Women in Black, Madrid, recently published the call that follows

A presentation of the international network follows


A hundred and four years ago, more than one hundred English pacifist women wrote a letter to women in Germany and Austria calling for working together for peace.

At the beginning of 2019 we, Women in Black Against War from Madrid, believe that it is necessary to make a new call for peace in Europe.

We are concerned about the rise of fascisms that are taking advantage of popular discontent to grow in Europe. The far-right parties hold openly xenophobic, retrograde and anti-feminist speeches that are complacently permitted by the political and economic elites and reproduced uncritically by the media, giving the impression that those speeches are as valid as any other political position. But they are not. It is not acceptable the degree of dehumanization and backwardness that the messages of the far right contain and that are gradually penetrating in European societies, as it happened 80 years ago.

But we are even more concerned that Europe is at war here and now. Yes, Europe is at war on its borders. It is an open war against migrants and poor people, refugees, people fleeing hunger and climatic disasters. It is not a war that has been declared in international forums legally, or that is fought with bombs and missiles, but it has been killing thousands of people for years. Europe carries out war actions whenever a small boat with dozens of people is not rescued, leaving it to sink in the Mediterranean Sea; every time a safe harbor is denied to a rescue boat full of people, contravening the basic pillars of international naval law, or whenever a country closes a border with fences.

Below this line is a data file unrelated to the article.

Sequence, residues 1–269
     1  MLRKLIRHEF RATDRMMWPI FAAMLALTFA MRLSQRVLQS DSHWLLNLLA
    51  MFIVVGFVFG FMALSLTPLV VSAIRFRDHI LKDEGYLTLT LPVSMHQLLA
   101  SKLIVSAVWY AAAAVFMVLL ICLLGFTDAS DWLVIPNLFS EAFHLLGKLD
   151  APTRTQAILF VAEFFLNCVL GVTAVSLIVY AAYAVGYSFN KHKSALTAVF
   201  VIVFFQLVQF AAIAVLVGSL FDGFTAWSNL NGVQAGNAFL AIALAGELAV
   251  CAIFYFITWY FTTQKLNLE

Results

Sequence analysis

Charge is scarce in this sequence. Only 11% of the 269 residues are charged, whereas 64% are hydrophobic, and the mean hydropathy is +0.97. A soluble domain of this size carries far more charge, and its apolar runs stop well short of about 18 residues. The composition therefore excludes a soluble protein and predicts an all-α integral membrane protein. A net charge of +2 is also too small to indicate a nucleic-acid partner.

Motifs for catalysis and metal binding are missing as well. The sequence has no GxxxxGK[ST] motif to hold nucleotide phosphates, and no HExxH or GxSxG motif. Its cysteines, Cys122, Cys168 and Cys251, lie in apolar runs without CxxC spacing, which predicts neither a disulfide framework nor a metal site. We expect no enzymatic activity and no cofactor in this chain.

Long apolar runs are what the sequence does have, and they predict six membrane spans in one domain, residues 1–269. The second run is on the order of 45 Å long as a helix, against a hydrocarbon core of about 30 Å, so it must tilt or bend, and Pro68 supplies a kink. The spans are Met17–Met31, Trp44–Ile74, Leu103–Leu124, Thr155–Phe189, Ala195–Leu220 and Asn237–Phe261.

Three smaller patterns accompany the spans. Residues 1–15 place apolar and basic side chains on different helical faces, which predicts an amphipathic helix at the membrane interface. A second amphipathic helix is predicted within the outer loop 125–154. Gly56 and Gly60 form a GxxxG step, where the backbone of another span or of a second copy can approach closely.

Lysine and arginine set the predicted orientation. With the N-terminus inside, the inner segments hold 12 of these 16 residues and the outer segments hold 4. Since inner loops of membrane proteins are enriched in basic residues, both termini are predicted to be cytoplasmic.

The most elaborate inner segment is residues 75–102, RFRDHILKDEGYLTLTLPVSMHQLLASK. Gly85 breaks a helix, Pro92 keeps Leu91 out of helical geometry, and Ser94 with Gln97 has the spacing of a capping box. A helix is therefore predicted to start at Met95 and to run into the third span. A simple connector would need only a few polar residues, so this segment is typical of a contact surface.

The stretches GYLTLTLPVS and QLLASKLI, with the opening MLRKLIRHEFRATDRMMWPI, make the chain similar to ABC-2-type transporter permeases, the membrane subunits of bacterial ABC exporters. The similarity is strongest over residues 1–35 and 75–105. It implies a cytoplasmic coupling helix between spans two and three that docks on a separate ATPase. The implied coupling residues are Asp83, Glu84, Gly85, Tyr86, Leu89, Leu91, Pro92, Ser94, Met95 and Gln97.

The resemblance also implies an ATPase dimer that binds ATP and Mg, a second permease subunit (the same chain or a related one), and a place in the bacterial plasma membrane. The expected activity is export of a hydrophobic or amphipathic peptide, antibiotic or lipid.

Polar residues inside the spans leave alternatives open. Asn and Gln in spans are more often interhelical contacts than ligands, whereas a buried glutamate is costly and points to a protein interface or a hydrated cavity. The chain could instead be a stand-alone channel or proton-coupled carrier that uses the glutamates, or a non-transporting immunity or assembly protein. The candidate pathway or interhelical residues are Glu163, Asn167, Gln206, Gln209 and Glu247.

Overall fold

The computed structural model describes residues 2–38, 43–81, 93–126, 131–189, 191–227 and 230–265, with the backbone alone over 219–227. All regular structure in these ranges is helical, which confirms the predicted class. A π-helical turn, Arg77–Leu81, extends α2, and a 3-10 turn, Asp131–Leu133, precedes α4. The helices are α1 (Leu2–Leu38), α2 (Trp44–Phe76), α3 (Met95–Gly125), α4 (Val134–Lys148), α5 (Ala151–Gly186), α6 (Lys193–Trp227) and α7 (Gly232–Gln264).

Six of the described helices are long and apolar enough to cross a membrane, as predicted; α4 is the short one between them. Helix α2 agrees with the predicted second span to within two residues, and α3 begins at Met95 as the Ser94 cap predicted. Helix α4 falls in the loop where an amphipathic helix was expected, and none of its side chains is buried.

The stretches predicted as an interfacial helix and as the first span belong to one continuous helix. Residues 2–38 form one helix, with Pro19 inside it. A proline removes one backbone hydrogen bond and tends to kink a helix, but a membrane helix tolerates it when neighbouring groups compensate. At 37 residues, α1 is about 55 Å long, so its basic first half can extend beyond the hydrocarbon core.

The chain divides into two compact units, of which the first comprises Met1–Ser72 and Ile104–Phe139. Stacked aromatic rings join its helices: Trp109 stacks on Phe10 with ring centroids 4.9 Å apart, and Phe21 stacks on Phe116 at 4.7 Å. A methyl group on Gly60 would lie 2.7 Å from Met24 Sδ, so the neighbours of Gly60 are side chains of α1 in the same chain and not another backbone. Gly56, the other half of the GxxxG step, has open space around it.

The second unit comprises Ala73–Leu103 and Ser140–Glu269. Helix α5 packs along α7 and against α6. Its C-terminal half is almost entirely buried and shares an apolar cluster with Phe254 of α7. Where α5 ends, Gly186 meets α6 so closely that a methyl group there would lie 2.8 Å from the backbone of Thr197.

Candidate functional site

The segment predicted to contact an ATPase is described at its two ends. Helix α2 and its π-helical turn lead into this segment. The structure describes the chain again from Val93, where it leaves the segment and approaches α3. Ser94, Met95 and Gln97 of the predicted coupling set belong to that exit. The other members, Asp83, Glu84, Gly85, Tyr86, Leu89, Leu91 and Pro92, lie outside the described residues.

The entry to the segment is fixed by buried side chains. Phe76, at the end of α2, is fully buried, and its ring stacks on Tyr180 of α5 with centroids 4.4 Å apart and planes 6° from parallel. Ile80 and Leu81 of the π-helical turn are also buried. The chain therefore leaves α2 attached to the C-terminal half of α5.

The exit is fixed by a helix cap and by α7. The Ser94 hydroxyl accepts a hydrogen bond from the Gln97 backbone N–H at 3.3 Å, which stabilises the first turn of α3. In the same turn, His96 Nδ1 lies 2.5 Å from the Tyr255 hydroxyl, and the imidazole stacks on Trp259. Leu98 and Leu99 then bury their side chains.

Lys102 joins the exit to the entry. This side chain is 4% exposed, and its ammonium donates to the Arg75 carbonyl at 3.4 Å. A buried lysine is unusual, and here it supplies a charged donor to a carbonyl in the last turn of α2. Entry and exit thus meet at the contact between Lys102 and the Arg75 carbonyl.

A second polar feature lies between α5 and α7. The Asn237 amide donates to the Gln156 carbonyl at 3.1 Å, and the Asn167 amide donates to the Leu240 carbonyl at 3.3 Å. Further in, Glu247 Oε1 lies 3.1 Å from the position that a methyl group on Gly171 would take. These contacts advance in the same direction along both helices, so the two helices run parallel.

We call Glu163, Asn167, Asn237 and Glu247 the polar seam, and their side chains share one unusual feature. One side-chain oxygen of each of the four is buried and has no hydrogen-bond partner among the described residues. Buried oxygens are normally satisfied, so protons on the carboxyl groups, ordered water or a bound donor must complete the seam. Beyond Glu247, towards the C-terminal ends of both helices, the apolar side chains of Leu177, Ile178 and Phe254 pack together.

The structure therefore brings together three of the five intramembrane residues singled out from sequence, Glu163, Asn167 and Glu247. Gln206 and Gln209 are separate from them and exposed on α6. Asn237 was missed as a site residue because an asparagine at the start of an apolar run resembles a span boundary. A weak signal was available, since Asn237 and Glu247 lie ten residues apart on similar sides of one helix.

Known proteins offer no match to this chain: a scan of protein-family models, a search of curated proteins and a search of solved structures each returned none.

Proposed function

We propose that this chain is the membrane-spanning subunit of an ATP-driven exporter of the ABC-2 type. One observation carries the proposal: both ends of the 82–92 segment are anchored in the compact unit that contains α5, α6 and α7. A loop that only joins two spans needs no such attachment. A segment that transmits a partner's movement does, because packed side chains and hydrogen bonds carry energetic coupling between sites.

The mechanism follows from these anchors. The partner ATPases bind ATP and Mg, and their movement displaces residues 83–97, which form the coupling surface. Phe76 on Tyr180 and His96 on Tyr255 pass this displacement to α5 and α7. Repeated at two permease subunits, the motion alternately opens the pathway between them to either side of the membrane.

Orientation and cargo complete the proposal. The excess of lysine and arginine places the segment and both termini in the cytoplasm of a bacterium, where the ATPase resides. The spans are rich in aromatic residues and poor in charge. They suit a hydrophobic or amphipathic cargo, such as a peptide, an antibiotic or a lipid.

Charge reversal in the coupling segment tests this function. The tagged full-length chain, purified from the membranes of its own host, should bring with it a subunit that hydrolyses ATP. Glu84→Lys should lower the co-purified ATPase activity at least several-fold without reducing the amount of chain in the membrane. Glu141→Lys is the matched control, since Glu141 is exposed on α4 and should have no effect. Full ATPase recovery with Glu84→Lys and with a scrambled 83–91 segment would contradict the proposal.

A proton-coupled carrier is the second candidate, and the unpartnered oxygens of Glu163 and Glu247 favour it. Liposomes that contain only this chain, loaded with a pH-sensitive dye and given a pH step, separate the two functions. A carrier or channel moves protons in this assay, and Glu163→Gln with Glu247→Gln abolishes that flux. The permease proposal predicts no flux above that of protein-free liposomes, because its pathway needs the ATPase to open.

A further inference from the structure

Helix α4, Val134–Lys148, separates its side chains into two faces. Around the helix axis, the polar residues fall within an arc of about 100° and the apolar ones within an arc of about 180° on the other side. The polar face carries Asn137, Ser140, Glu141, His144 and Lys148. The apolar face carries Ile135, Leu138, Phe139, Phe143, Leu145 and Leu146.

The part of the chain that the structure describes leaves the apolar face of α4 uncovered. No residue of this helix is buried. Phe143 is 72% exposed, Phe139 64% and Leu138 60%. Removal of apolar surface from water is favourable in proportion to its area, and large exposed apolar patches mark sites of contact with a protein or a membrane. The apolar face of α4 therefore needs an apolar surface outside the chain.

The European Union does not stain its hands with blood, because we Europeans are civilized. These services are outsourced and carried out by Morocco, Turkey or Libya. For example, the agreements with Morocco include financial aid and the implicit commitment that Europe does not question the abuses of Human Rights in the country. In return, Morocco accepts the “hot return” of migrants detained in the fence of Ceuta and Melilla, or even people already detained in the continent. It is known that sometimes the way to “manage” the problem that Morocco has had is to abandon them on its southern border, in the Sahara desert, without water or food, that is, Morocco has applied them a slow and inhumane death penalty.

The situation of migrant women is even worse, because in addition to being exposed to the same hardships, they are harassed by sexual violence, trafficking and the lack of specific resources for women. If migrants in general find thousands of obstacles to reach their destination, migrant women bear the brunt for they are victims of all kinds of abuses just for the fact that they are women.

Also children who are forced to leave their home and their family in search of a future are innocent victims of this war on the border. When they arrive in Europe they are harassed as criminals and denied their most basic rights: to education and dignified living conditions. Unaccompanied minors often end up sleeping on the street, where they suffer violence of all kinds and are forced to scrape by begging or committing petty theft, as Oliver Twists of the Twenty Fist Century.

We European anti-militarist and feminist women cannot remain silent in front of the European fortress that is being built around us. We do not want to be moral referents of anything, but we cannot stand by. Welcoming thousands of migrants is not charity, it is justice, because we are aware that our level of life and waste is based on the plundering of other peoples and territories. That is why we want to appeal to all the women of the Network so that, with regard to the forthcoming European elections, in resistance against xenophobic migratory policies, they will join the European action of May 5, “The embrace of the Peoples”.

We believe that another world is possible, that we can build a society based on Human Rights and a society that welcomes people with generosity and empathy wherever they come from. We also believe that we can create other economic relationships that do not imply the depletion of natural resources or the exploitation of others. We want to build new ways of living respectfully with others and with the planet. We want to build a better world together.

Blegrade, 2016, mobilisation on the occasion of the 25th anniversary of WiB

About Women in Black – Who are Women in Black?